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Pittsburgh Police OK new contract, as city and union avoid arbitration fight

A Pittsburgh Police cruiser parked outside of the Bureau's headquarters on the city's North Side.
Kiley Koscinski
90.5 WESA
A Pittsburgh Police cruiser parked outside of the Bureau's headquarters on the city's North Side.

After a year-long negotiation, Pittsburgh Police and the city agreed to a new contract Monday. According to the police union, about 97% of officers voted in favor of the contract, staving off an arbitration process.

Mayor Ed Gainey applauded the agreement in a message posted to Twitter late Monday.

“This contract delivers raises for new officers that will help us recruit and retain the kind of officers that best represent Pittsburgh,” he wrote, noting that the contract raises pay and establishes a new disciplinary framework.

According to Bob Swartzwelder, president of the Fraternal Order of Police Fort Pitt Lodge #1, the contract gives officers a roughly 9% pay raise followed by 3% raises promised in 2024 and 2025. The contract will expire at the end of 2025. It also made improvements to the police pension plan, Swartzwelder said.

Officers ratified the contract 572 to 13, with 585 out of a total of 800 members voting. The city is budgeted to employ 900 sworn officers but has struggled with recruitment and retention in recent years.

Swartzwelder applauded the administration’s effort to come to an agreement with officers, though he said the contract was far from perfect.

“We gained some ground," Swartzwelder said. “However, the contract settlement does not go far enough and in my view will not affect recruitment and retention at all.”

Swartzwelder noted that city officers spent years without a pay increase or with a nominal bump while Pittsburgh was under state financial oversight. “We fell so far behind,” he said.

As a result, Swartzwelder argues, some municipalities have been able to attract city-trained officers to their departments for better pay.

“The bureau has become like a farm club," he claimed. "We train and gain some pretty good experience to these officers. Then they take that training and experience to more lucrative jobs."

As a 30-year veteran of the bureau, Swartzwelder said he still makes considerably less than a junior officer with the Allegheny County Police Department. “Even at the end of this agreement, I won't be where they are right now,” he said. “And I'm talking about two- and three-year officers, not veteran officers with my time on the job.”

Swartzwelder worries that even with the pay hikes, officers will continue to leave the force. At a public hearing last month, he reported the bureau lost 17 officers in January alone.

City officials have echoed the union’s concerns, calling for more recruitment to Pittsburgh’s police academy. The Gainey administration has promised two new recruitment classes in the next year, though some worry that won’t do enough to bring the bureau to full strength.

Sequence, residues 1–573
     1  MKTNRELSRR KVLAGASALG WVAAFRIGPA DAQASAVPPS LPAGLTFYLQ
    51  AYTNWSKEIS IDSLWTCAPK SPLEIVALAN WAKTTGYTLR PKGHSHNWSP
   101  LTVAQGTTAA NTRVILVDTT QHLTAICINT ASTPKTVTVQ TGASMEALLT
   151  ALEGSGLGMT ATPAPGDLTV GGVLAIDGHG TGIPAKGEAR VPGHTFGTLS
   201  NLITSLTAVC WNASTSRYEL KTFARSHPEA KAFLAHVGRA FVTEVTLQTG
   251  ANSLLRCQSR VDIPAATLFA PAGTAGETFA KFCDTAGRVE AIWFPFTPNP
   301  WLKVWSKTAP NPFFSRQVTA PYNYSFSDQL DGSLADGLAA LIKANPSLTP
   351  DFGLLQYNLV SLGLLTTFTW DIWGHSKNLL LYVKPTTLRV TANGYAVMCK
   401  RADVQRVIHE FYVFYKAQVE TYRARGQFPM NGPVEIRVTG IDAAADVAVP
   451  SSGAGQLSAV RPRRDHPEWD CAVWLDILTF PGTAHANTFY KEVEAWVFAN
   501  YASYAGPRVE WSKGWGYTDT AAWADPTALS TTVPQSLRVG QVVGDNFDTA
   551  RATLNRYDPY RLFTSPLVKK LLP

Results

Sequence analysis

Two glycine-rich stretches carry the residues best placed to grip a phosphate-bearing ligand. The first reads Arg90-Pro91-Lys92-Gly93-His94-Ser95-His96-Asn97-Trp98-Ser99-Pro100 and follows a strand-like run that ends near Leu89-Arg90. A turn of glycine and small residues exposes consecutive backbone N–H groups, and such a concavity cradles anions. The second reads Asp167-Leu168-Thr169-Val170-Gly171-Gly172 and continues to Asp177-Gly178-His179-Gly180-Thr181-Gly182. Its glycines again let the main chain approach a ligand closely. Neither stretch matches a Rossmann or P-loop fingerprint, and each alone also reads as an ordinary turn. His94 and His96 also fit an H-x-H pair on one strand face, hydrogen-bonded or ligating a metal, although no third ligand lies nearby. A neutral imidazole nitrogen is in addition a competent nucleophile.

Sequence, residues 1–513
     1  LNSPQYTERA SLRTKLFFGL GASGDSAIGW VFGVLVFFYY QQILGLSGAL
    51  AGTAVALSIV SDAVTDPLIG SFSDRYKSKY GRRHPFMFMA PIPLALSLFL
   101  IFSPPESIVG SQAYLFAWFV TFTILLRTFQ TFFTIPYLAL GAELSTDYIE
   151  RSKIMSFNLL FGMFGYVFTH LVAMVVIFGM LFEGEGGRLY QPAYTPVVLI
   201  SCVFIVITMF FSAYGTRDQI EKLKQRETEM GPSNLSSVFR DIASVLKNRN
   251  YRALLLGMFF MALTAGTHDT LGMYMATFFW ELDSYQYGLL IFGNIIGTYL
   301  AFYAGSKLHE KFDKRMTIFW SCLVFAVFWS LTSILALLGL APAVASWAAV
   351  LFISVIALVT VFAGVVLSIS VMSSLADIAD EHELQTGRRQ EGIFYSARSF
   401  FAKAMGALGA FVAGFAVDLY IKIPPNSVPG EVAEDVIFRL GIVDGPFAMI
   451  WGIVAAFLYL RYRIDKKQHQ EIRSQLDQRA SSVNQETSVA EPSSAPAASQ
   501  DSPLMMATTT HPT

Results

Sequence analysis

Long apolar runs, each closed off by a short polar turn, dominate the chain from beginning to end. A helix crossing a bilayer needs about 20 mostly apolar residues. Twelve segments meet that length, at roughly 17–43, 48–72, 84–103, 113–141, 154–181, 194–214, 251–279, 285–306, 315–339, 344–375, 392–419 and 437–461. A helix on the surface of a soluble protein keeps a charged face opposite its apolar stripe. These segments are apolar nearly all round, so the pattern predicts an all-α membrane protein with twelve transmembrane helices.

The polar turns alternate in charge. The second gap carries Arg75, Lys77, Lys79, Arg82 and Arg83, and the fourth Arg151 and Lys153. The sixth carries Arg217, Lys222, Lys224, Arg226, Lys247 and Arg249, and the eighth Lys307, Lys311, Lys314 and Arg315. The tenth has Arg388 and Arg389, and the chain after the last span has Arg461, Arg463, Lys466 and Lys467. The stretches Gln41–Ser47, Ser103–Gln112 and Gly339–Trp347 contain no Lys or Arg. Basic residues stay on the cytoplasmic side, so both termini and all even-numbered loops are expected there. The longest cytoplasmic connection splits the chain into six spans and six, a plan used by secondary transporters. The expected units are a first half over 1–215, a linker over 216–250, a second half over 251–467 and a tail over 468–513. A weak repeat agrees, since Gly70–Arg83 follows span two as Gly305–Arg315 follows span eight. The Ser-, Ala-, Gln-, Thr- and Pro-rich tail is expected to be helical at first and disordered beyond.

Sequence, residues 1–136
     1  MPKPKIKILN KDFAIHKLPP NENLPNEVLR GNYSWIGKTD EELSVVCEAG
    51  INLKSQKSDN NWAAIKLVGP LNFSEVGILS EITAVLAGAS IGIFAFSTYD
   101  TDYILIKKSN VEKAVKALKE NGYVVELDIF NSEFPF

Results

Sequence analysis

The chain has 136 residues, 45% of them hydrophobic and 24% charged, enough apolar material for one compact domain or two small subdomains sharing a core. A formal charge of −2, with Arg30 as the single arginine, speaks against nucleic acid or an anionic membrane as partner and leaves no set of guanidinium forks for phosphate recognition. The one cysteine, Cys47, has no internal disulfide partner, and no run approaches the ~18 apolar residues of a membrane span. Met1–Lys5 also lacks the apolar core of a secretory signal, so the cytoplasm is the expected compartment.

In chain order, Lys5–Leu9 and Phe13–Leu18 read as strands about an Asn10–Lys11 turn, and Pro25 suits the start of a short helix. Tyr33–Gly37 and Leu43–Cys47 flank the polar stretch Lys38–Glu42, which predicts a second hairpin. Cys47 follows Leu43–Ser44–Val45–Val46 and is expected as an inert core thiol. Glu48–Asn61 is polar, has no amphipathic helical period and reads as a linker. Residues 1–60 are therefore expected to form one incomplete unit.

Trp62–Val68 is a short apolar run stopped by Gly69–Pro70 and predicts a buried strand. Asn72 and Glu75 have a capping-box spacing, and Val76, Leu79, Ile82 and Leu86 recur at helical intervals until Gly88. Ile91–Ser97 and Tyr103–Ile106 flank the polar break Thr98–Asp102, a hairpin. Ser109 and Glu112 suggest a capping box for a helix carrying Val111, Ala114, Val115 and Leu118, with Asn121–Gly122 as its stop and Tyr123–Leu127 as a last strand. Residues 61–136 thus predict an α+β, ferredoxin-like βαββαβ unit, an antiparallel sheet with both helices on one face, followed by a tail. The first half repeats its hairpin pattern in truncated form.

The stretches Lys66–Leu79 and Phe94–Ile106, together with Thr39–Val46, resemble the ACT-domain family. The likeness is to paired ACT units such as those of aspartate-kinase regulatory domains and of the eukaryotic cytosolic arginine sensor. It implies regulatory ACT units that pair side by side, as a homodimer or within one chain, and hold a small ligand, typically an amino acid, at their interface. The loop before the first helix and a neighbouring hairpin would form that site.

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Elsewhere in the contract is a new set of disciplinary rubric for officers, something the Gainey administration described as “a first” for the city.

Jake Pawlak, Pittsburgh Deputy Mayor and director of the Office of Management and Budget, claims that the new guidelines “will give officers, the administration, and the public certainty, transparency, and consistency” to better understand how officers who violate the law or bureau policies are punished.

But Swartzwelder contends that the contract merely codifies what the department was already doing to address officer transgressions. He claimed the new guidelines simply rank infractions and match them with appropriate punishment.

“We already had that principle, now we just have it in different language,” he said.

Swartzwelder claimed an earlier version of the disciplinary policy was “very unclear, very vague,” and was cited as one of the obstacles to reaching an agreement.

While the FOP expressed concern about officer retention, other city officials took a more optimistic view of the settlement.

Pittsburgh City Councilor Anthony Coghill, who chairs the city’s public safety and wellness committee, said he attended the voting session Monday and saw a remarkable change in attitude among police officers present.

“I don’t know that we’ll ever be able to match the suburbs” in terms of pay, he said. “But already morale has been 100% changed.”

Gainey noted Monday’s agreement marks the first time in two decades that the city avoided negotiating a contract through an arbitration process, in which a three-person panel resolves disputes. He praised his staff for taking into account what officers told them they wanted in a new contract and said he was pleased with the outcome Monday.

“We visited every police zone and unit in the city in order to hear directly from the rank and file members what they would like to see in their next contract,” Gainey said. “I’m proud of this contract and my team who made it happen, and I’d like to thank the [police union] and their leadership who worked together on this agreement for their members and for our city.”

Kiley Koscinski covers city government, policy and how Pittsburghers engage with city services. She also works as a fill-in host for All Things Considered. Kiley has previously served as a producer on The Confluence and Morning Edition.